A study on language usage in schools and the impact the influx of refugees is having on learning and language in Uganda has revealed a complex situation.
While Uganda received lauded for its progressive policy towards refugees but a report released by the British Council in Uganda shows that the increase in refugee numbers has caused an expansion in enrolment and impacted negatively on the quality of education.
The British Council is the UK’s international organisation for educational opportunities and cultural relations.
Key findings showed that 19 languages were in common use during lessons in the 30 schools visited in the districts of Arua, Isingiro and Yumbe.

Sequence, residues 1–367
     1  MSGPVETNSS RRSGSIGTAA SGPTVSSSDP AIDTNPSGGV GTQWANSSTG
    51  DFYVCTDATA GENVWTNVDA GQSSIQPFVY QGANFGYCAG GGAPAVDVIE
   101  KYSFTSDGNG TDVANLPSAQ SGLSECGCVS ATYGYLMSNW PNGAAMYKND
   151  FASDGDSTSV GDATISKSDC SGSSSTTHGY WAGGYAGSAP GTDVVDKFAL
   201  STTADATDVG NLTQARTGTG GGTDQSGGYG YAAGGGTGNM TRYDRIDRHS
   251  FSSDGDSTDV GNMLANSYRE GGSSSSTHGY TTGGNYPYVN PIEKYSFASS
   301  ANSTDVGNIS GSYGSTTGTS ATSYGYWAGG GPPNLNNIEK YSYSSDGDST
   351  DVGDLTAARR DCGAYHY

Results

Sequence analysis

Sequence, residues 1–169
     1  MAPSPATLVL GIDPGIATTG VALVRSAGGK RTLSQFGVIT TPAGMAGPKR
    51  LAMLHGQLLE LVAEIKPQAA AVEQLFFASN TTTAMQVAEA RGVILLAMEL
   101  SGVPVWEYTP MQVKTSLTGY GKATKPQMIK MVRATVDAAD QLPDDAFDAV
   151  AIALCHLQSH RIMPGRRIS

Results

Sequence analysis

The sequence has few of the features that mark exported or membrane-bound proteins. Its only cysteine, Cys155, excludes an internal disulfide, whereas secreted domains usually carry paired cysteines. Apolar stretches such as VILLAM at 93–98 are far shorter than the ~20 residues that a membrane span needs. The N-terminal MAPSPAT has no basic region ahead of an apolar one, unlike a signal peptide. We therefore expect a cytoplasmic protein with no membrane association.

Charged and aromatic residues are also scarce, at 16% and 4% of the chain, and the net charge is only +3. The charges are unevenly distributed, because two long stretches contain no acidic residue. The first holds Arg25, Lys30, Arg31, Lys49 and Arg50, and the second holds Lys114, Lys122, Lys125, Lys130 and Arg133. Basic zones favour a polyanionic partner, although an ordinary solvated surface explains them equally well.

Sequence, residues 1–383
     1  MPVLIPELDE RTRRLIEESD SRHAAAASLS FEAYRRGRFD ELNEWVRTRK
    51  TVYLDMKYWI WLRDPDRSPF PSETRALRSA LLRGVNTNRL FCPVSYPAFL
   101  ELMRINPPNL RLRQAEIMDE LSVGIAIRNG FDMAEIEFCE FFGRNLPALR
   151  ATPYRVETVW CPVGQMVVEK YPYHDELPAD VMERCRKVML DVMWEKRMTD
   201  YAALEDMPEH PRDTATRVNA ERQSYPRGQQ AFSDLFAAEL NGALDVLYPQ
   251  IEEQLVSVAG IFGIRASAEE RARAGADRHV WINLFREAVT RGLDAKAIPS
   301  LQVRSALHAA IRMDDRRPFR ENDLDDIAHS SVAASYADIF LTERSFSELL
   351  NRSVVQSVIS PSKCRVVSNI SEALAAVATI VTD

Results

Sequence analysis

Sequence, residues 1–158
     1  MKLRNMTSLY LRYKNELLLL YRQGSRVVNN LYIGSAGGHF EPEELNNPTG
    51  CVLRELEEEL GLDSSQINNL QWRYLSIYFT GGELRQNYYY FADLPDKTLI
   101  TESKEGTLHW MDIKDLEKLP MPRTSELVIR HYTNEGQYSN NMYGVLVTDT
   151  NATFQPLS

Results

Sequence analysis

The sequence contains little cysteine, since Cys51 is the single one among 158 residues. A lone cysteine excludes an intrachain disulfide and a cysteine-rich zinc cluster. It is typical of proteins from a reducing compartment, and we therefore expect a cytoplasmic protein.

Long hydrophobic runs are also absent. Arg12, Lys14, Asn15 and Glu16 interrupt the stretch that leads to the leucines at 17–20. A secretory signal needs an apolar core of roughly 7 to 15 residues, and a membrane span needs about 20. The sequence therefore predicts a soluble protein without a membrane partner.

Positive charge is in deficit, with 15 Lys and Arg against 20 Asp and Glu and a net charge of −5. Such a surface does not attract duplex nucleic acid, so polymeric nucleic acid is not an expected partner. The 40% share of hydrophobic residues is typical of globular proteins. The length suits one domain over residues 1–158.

The study found that there is considerable confusion over which language should be used as the language of instruction in schools when so few children understand English and so many had previously been learning in a different language in their home countries.
Overall, 15% of lessons observed were conducted in a local language while two thirds were using English with no use of any other supporting language, even though at least a third of the class did not understand the lesson.
The report also reveals a severe issue with overage children in lower primary caused by the system of placement on arrival that is based on assessment through interview or written tests in English.
The study makes recommendations on how to strengthen language and learning for all children in these schools.
The Country Director, British Council, Fiona Inci underlined the importance of the report.
“Through presenting this research, we aim to raise awareness of the role and value that language plays in refugee education. We hope to create a platform for interested stakeholders in the international development and research communities to plan for sustainable language responses to education in emergencies,” she said.